Innovation abounds around us. But disruption? It’s actually pretty hard..

How To Convert Your Passion Into Success

Over the last year or so there has been backlash against following your passion. Even Scott Adams (the creator of Dilbert) has been misquoted as saying that following your passion leads to failure. 

This is wrong.

Following your passion is the only way you get to #betheboss in your career. I’ve met and continue to meet too many people who are letting lie to waste the thing that will give them fulfillment. See, fulfillment is what most of us are looking for in our jobs, not money that comes from doing what we do. Only through following your passion will you find fulfillment. Most people (especially if you are reading this) have enough skills and abilities to put food on their table.

For a long time I always struggled with ‘doing what was expected' in terms of career; you worked hard and got into the best universities (Warwick University & University of Chicago), you got a professional degree (Engineering) and you got a traditional well paying job (power plant operations) and you never quit a regular job. But my passions have always been writing and ‘futurecasting’. Only when I combined those things with the expertise I’d gained in the energy industry to build and eventually sell a company did I truly feel fulfilled. That realizationcontinues to fuel all I do.

So how do we get the fulfillment we all desire? Three steps

  1. Follow your passion: Yes. It’s the first step in even getting close to finding fulfillment. You will have to ignore the noise you hear from everything and everyone around you about their own expectations for you. I have a dear friend who is one of the smartest people I know who got her MBA from one of the finest universities in the world. She ended up at one of the top financial institutions in the world. But she always cared more about baking than derivatives. She ended up having to make a decision about her career and decided to finally pursue her passion. She now owns a few successful bakery franchise locations in London. 
  2. Stay in your lane and attain mastery: The anecdote above would be incomplete and unhelpful without mastery. Stay in your lane and get even better at the things you are good at. Mastery is what you need to take you that step above everyone else who shares your passion but fails to work on their craft. Interestingly, mastery of the craft does not have to be in what you are passionate about. My friend above was already a master in the fundamentals of business (revenue - expenses = profit/loss). She did have to learn more about baking and this she did, even coming to Atlanta for some training.  
  3. Augment your capabilities: Technology is changing at breakneck speed. Our children will live in a world where they can order anything throughAlexa and have it delivered by drones, and have their skills augmented byArtificial Intelligence. Technology will be a force multiplier that enables you do even more than you think you can. Technology provides you access to all the information and tools you need to build your business and #betheboss.
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Passion + mastery + technology will enable you to achieve all you aspire to. And more. Even Scott Adams ended up creating Dilbert because he tapped into the things he was passionate about (drawing, humor), the things he had mastered (business) and the overlap is where he has found success. If anyone had told him he’d become more successful than he’d ever imagined by drawing satirical white-collar office cartoons he probably would have cracked a white-collar joke and forgotten about it.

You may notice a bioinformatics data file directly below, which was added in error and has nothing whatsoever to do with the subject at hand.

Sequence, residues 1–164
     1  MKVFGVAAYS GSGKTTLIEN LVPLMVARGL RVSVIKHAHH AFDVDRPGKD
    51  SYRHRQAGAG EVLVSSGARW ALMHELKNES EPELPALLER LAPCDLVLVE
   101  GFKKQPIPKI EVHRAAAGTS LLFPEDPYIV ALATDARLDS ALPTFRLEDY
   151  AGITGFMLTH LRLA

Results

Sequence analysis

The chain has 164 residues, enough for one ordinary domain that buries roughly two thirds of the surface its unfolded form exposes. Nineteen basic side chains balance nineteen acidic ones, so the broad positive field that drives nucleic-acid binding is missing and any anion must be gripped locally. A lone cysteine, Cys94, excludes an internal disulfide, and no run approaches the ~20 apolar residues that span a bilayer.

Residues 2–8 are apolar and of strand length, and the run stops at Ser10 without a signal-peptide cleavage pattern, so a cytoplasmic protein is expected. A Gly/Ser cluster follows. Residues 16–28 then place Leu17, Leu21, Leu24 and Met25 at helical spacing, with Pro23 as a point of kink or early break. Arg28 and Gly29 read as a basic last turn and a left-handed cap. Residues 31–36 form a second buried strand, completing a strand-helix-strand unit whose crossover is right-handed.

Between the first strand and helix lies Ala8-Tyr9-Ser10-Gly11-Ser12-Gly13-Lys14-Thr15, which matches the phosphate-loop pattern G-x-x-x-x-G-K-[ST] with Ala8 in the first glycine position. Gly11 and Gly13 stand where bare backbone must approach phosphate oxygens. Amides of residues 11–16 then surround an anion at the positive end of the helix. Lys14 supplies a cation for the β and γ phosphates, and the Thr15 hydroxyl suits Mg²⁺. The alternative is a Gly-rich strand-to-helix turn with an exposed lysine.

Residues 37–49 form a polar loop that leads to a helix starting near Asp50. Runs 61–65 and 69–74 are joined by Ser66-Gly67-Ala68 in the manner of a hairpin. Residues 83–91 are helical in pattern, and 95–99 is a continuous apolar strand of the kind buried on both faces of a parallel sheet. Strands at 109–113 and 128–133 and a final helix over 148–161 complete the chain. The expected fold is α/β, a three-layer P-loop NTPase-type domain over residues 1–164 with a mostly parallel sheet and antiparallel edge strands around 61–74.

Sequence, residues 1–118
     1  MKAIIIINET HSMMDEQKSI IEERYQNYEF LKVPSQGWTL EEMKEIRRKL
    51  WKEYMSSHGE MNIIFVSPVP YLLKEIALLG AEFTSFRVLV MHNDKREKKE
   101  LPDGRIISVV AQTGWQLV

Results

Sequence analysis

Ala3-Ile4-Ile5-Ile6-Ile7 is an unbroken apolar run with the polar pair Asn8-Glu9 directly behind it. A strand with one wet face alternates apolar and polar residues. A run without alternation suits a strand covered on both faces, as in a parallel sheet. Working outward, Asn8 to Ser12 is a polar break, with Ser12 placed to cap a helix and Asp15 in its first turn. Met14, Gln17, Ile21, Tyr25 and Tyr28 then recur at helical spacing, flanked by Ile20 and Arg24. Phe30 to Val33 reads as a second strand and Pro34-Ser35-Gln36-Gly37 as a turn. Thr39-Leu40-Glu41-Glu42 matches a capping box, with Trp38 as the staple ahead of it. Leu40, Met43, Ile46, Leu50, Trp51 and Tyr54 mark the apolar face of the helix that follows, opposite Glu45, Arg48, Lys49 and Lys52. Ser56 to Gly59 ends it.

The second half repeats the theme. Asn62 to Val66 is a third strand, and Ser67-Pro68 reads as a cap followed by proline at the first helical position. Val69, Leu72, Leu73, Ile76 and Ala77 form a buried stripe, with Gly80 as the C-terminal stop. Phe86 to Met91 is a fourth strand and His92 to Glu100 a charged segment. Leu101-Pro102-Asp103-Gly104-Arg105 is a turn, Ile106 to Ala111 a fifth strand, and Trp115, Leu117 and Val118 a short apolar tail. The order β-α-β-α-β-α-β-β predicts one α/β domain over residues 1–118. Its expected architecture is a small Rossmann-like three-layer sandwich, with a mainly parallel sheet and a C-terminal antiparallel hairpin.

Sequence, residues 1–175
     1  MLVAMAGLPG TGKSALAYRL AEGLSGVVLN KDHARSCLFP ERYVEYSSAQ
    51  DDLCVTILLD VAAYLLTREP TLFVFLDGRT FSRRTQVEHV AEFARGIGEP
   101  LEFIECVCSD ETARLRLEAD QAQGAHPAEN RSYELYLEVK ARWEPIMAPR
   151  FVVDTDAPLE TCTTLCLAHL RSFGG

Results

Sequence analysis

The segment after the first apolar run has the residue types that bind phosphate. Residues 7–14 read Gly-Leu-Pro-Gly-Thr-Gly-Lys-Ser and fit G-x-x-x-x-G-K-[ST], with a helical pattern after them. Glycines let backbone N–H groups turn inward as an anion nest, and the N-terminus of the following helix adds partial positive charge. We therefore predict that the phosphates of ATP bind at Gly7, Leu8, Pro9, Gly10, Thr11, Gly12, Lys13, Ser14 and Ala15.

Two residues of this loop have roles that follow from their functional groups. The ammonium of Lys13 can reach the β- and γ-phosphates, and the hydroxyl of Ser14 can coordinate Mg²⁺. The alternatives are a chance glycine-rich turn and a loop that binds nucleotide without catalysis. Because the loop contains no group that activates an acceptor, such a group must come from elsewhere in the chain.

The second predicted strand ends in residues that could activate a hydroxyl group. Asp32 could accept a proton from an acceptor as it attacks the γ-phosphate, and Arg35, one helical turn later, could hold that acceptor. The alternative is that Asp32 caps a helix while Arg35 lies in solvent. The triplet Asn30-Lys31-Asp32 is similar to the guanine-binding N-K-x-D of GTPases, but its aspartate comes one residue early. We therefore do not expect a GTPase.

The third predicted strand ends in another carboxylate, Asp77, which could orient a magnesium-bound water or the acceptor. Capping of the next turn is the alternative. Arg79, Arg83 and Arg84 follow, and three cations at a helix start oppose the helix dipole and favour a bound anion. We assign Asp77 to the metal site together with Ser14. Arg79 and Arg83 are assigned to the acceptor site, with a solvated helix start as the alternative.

Scott Adams followed his passion and gave us Dilbert.

You can follow your passion too. Your career will probably look nothing like the one you imagined it would...

In technology, things change but things stay the same

In 1971, 44 years ago, Intel introduced the first 'computer on a chip'.

In 1981, 34 Years ago, the operating system DOS 1.0 was fired up.

In 1991, 24 years ago, the world wide web was opened up to the general public. Amazon was launched 3 years later.

In 1997, 18 years ago, IBM released Deep Blue (which beat Gary Kasparov in chess) which had the 32-bit copper chip that also powered the Sojourner Rover/Pathfinder mission to Mars. Also in 1997/1998 Google (essentially the gateway to the world wide web that was publicly released 5 years prior) was born.

In 2007, 8 years ago, Apple released the iPhone

One looks at this timeline and three things pop into mind pretty quickly. 3 things that give us a sense for where technology or (more precisely) technology companies are going.

  1. Every one of these major technology releases was the beginning of a 'platform' business. One or a few companies were the 'platform' providers of that technology. These platform providers are still some of the biggest companies in the world right now.
  2. Each release of a technology led to an ecosystem of businesses built around that platform. Many of the best companies around the platform also became huge businesses.
  3. The platform defining technologies have benefited greatly from Moore's Law which explains the exponential accelerating rate of the reducing cost and increasing capacity of computing power over the last 5 decades.

We are getting closer to 5th decade of  said Moore's Law (even though some thinkMoore's Law is stalling/no longer applies) i.e. computing power will exponentially increase and get cheaper over the next few years. Even cheaper than it currently is. This is why we are hearing more about Artificial Intelligence (AI), Machine Learning (ML), Virtual Reality (VR), The Internet of Things etc. all technological advancements that are benefitting fundamentally from exponential reductions in processing power at cheaper costs.

Apple (with cars), Google (with cars/robots and AI), Facebook (with AI and VR) and Amazon (with Alexa and Voice Control) are all banking on the increased predicted capacity and have all picked a platform to 'own'. Of course IBM (with Watson), Microsoft (with Hololens) and Intel (with Skylake, their new processor) are also banking on becoming the next platform business.

What's odd about that list up there (save Facebook) is that it's the same companies in that timeline I've drawn above.

And it is truly odd that as things change (at the platform level), things seem to stay the same in the technology industry...Not sure how I feel about this... what do you think?